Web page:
So how the hell have I got here, to the marriage thing 15 years later? It’s not something I’ve dreamed of. It’s not something I need to do to validate my relationship or myself. It’s not an institution I look particularly favourably on. So why bother? Let’s not harp on about the deep and meaningful love I have for my betrothed. That goes without saying and would exist regardless of marriage. But do you know what, there’s something about making a public, legally binding commitment to another person that you dearly love, that really resonates with me. And then living a life with that person, based on clear promises you’ve made to each other in love and in law, it’s kind of nice. There’s also the symbolism and the shared experience of the wedding – although I have a lot to say about weddings. Prepare yourselves. But before we get to that, for me, marriage is essentially contract law with flowers but I’m ok with it. It doesn’t trivialise it. The legal system we live in is obviously flawed but it’s the one we have and we can’t ignore it so, on this occasion, why not go with it?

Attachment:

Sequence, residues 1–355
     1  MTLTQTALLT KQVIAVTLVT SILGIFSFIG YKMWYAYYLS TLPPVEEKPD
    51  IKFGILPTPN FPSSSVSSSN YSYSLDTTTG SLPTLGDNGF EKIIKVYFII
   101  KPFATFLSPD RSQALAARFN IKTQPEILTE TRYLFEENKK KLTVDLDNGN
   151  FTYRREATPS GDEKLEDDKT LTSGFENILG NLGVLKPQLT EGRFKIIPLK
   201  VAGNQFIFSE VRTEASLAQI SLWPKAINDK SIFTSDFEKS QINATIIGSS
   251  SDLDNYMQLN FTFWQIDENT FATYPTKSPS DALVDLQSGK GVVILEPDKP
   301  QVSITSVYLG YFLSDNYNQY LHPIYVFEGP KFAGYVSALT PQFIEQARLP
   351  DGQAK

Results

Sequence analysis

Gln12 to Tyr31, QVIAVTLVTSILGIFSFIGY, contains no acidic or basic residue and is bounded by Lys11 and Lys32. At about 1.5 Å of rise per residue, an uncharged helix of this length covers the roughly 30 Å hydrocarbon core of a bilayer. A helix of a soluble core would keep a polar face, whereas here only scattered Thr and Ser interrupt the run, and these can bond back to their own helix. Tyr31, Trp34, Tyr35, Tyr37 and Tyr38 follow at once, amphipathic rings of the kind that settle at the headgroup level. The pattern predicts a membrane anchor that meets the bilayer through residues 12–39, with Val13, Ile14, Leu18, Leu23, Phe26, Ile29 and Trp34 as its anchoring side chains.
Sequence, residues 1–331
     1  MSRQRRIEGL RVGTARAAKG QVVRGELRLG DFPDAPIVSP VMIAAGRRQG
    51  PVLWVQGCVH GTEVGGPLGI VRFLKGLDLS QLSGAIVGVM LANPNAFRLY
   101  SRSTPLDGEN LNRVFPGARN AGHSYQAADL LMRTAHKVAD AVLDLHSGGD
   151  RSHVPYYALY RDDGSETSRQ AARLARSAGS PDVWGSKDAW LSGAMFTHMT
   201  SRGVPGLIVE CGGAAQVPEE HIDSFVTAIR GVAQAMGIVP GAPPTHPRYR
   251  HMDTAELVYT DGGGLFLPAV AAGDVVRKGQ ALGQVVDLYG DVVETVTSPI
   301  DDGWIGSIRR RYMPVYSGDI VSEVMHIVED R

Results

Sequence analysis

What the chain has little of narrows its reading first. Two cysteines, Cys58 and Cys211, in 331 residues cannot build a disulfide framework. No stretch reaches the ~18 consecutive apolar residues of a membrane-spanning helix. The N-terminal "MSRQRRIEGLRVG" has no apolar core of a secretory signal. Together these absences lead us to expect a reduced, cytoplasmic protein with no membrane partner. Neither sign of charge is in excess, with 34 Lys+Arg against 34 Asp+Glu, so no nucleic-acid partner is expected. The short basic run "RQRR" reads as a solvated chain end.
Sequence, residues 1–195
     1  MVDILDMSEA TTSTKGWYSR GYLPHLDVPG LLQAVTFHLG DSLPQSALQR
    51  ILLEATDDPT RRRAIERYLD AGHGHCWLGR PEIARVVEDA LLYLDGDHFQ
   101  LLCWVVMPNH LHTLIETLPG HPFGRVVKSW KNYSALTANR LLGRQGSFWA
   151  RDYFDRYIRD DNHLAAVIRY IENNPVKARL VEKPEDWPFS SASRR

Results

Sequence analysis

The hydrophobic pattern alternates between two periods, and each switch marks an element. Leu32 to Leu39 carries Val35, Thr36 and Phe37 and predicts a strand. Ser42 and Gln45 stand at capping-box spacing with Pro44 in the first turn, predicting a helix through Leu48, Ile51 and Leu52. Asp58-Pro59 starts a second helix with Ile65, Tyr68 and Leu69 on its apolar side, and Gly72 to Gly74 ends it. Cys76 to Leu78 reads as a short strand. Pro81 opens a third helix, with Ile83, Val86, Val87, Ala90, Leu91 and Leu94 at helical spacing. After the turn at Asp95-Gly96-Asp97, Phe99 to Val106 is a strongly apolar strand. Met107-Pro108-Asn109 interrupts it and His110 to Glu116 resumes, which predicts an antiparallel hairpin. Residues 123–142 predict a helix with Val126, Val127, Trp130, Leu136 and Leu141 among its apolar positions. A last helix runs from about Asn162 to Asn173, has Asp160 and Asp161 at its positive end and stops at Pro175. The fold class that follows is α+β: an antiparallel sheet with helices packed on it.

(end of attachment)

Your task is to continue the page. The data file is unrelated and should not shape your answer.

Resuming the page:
Fuck me I fucking hate weddings. No offence to all the people’s weddings I’ve been to. They’ve been beautiful and romantic, but the wedding thing is just not for me. The patriarchy in every moment is entirely vomit-inducing. If I had my way, it’d be me and him at the registry office, quick, simple and then on to a massive holiday.